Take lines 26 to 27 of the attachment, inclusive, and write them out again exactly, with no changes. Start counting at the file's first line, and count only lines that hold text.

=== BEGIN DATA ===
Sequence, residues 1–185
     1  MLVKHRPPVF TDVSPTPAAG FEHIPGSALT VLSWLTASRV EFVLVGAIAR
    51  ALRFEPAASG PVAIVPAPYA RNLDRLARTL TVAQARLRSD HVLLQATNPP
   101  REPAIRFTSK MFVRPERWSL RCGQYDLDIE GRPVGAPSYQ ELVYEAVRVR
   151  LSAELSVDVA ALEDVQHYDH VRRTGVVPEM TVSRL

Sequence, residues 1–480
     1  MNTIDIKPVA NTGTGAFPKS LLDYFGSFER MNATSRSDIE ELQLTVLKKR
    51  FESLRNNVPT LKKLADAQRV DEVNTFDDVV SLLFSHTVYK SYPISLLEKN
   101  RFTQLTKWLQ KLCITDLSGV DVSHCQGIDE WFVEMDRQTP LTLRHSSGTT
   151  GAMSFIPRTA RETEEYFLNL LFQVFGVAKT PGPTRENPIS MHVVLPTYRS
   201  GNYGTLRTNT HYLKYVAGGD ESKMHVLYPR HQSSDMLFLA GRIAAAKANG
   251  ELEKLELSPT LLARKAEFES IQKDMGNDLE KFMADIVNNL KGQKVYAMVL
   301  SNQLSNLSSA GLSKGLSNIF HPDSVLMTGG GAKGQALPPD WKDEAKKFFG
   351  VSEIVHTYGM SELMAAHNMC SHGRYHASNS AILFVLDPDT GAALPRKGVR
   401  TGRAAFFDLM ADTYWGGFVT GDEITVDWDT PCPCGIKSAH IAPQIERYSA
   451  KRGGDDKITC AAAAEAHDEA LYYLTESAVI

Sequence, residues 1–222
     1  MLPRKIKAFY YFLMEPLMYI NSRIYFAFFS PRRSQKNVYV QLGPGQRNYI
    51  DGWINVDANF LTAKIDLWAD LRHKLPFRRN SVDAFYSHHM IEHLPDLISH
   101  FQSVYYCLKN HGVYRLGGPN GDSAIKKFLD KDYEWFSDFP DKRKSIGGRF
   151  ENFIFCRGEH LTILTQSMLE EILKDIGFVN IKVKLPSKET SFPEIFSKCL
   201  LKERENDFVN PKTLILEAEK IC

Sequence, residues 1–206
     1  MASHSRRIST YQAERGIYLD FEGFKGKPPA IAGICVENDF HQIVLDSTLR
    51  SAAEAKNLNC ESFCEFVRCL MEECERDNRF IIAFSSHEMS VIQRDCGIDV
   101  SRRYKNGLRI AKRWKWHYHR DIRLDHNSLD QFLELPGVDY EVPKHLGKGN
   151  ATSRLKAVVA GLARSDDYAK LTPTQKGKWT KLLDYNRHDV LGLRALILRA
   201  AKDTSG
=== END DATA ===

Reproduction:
   101  SRRYKNGLRI AKRWKWHYHR DIRLDHNSLD QFLELPGVDY EVPKHLGKGN
   151  ATSRLKAVVA GLARSDDYAK LTPTQKGKWT KLLDYNRHDV LGLRALILRA